Yahoo Weather

You are here

Elma considers contracting police services to sheriff

ELMA — Sheriff Rick Scott spent an hour fielding questions from Elma City Council members and Mayor Dave Osgood Monday night during a workshop looking at what it might be like if the city gave up its police services and contracted to have deputies patrol the city limits.

The move is spurred by Elma Police Chief Jeff Troumbley, his top lieutenant and another officer all potentially leaving or retiring from the police department in the coming months. Osgood says there’s no rush on a decision, but it’s a conversation he wants to pursue because he sees some potential savings that could be found.

Troumbley says he bought property out of state, although hasn’t announced any firm retirement plans yet.

“My officers know the discussion that’s taking place and know that with the potential of losing three officers on our seven-man force, this could be a possibility,” Troumbley said.

Councilman Tom Boling said he was worried what would happen to the remaining police officers,

Scott said that if Elma contracts out services, he would likely need to hire positions to fill those needs and state law would allow him to automatically hire any of the remaining Elma Police Department staff so long as they meet the minimum hiring requirements.

Scott says he wasn’t prepared to offer up any firm figures on what it would cost to patrol the city limits, but says there likely would be a savings. For one thing, the city would no longer have to maintain its own fleet of vehicles or liability insurance coverage for the police department. The county handles that.

Osgood offered up that the city would also not have to improve its police headquarters, which would cost a minimum $1 million to get it up to the proper standards.

Scott said he wouldn’t really have a need for the city’s police building.

“Our patrol cars have everything our deputies need,” Scott said, “They’re equipped as a rolling office.”

Mayor Osgood asked how long deputies typically stay during their career.

Undersheriff Dave Pimentel noted that in the past 16 years, the Sheriff’s Office has only lost one deputy, who wanted to seek out employment elsewhere. Typically, deputies who are hired will stay on for their entire law enforcement career — or smaller cities like Montesano or Elma will be “training ground” for those officers, who then will transfer on and get hired as a deputy.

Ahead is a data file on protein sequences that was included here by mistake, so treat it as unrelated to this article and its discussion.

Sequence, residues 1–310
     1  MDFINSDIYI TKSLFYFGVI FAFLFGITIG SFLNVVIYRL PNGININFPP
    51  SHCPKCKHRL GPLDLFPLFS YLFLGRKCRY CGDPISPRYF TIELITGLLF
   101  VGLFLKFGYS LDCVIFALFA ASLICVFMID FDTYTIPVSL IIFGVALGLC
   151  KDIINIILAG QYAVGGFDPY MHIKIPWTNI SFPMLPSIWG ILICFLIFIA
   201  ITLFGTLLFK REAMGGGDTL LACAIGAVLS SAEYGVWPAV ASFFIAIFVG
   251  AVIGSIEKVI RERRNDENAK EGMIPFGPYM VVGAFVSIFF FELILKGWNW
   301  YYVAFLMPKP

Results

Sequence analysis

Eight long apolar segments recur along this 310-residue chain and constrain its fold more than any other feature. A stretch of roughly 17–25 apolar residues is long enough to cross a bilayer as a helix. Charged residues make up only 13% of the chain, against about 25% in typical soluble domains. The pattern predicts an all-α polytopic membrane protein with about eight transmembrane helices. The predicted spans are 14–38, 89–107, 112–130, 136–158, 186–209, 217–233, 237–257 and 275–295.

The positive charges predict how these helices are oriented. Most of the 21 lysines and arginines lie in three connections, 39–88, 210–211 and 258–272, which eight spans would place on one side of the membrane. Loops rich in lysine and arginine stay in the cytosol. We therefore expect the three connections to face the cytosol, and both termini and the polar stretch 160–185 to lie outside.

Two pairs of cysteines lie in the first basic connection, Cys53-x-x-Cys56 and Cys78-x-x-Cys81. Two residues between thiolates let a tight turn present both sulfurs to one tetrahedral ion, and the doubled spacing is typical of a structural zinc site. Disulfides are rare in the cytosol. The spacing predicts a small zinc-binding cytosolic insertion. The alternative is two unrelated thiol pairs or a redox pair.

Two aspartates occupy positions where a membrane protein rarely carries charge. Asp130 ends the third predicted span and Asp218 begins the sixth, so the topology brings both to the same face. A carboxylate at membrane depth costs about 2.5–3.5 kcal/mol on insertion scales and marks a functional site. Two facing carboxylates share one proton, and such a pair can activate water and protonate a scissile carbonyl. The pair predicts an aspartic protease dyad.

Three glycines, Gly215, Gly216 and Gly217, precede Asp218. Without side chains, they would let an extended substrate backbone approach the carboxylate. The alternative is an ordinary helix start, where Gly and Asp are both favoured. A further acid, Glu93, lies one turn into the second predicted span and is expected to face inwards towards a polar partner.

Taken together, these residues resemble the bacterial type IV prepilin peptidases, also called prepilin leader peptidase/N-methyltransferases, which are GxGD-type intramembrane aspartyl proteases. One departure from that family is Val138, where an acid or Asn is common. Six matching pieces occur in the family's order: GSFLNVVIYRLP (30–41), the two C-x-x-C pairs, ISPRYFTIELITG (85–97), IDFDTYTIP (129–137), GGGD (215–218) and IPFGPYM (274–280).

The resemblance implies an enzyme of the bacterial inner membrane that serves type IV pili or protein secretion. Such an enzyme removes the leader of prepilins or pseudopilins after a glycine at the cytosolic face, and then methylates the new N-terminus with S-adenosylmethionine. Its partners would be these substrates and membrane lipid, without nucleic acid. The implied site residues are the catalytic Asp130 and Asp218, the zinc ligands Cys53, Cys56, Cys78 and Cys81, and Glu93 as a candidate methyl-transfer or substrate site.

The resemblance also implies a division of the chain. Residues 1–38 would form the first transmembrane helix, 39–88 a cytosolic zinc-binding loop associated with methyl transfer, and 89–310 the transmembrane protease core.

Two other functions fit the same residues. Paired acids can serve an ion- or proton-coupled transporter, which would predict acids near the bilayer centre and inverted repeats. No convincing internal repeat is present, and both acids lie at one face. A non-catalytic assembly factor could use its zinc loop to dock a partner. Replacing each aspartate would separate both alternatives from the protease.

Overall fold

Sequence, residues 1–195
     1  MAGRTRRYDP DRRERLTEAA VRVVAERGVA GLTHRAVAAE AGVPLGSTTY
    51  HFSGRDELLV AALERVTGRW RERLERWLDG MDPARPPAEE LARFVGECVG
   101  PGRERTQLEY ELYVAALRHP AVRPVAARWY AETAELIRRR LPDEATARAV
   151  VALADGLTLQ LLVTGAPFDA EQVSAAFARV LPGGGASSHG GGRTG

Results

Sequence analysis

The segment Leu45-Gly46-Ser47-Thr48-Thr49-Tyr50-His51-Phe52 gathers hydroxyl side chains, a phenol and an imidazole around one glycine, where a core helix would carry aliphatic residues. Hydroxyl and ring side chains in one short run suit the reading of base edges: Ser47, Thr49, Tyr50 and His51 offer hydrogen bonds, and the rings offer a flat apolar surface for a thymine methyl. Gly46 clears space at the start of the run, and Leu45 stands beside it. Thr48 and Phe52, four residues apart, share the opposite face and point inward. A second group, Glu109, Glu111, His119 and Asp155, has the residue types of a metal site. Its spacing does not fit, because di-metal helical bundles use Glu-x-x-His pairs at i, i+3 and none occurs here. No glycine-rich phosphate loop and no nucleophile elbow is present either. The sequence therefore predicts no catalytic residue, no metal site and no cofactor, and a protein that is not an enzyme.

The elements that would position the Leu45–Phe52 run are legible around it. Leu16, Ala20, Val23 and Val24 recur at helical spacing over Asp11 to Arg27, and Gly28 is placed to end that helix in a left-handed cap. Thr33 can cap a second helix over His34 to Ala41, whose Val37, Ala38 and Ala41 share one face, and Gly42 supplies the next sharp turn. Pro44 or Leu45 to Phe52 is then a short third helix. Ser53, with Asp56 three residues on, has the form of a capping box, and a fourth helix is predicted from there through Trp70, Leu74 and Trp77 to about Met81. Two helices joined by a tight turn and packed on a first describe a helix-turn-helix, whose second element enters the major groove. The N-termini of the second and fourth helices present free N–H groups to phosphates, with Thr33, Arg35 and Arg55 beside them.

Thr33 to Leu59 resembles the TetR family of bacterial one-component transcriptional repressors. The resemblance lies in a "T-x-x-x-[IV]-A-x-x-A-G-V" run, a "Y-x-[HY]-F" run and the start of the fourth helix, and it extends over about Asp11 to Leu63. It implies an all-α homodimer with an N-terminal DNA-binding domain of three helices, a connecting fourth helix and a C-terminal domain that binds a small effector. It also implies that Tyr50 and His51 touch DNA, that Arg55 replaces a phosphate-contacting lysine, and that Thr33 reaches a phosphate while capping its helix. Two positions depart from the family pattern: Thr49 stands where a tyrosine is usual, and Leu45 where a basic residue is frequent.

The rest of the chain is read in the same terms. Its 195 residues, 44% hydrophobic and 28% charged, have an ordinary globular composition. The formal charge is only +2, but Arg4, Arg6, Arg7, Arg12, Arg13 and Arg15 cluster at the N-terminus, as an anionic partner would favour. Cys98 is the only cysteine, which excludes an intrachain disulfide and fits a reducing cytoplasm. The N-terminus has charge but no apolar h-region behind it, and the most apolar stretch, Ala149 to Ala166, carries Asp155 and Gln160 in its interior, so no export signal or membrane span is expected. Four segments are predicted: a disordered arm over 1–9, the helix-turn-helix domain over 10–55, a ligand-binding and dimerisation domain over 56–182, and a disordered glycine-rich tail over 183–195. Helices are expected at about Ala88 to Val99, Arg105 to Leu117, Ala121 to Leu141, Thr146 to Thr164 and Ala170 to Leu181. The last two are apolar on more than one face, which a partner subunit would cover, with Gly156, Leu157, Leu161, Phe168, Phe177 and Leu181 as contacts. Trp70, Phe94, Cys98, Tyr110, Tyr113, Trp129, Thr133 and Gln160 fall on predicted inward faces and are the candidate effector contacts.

Scott said the Sheriff’s Office is going through a hiring spell right now because so many retirements happened all at once.

One of the differences, Boling pointed out, between the Elma Police responses and Sheriff responses is in the way the departments treat residential burglar alarms. Elma responds. Deputies do not. Scott notes that panic alarms triggered by a human or a commercial alarm get response from a deputy, but not a residential alarm. Scott said the city could pay extra in its contract to get a response, however, if it’s important to the council.

“Anything is up for negotiation,” Scott said.

Scott said the city can approach the contract one of two ways. Either the city can say what coverage they want and then a price quote can be determined or the city can be what the city can afford. For instance, if the city wants guaranteed 120 hours of patrol time within the city limits, the city can pay for that. If a 911 call comes in and a response is needed, Scott says a deputy would still respond within five to 10 minutes on an as-needed basis.

Scott notes the city of Leavenworth in Eastern Washington buys 50-hour blocks of over-time at a discount rate to get coverage during special events. Such an arrangement could be worked out with Elma to provide extra coverage for Heat on the Street or other events, Scott said.

Councilwoman Debbie Thurman said she felt that the Elma Police Department is part of what makes Elma a great community, just like the library and the senior center.

“Any gain we make will probably not be a huge gain,” Thurman said. “Cutting from the police department is the wrong way to start.”

The workshop was also attended by several McCleary City Council members, who have also been taking a look at contracting police services to the Sheriff’s Office. The city of McCleary has two tax measures on the ballot asking residents there for a property tax increase to help sustain the local police department. If it fails, then the city will have to look at cost-saving measures.

Sheriff Scott noted that if McCleary and Elma join Oakville, which already contracts police services, then there will be an increased deputy presence in East County. He says he always had one or two deputies in East County now and would increase that level should more cities contract services.

That said, Scott was careful to note he wasn’t there to sell the service or pitch it. He was just there to answer questions.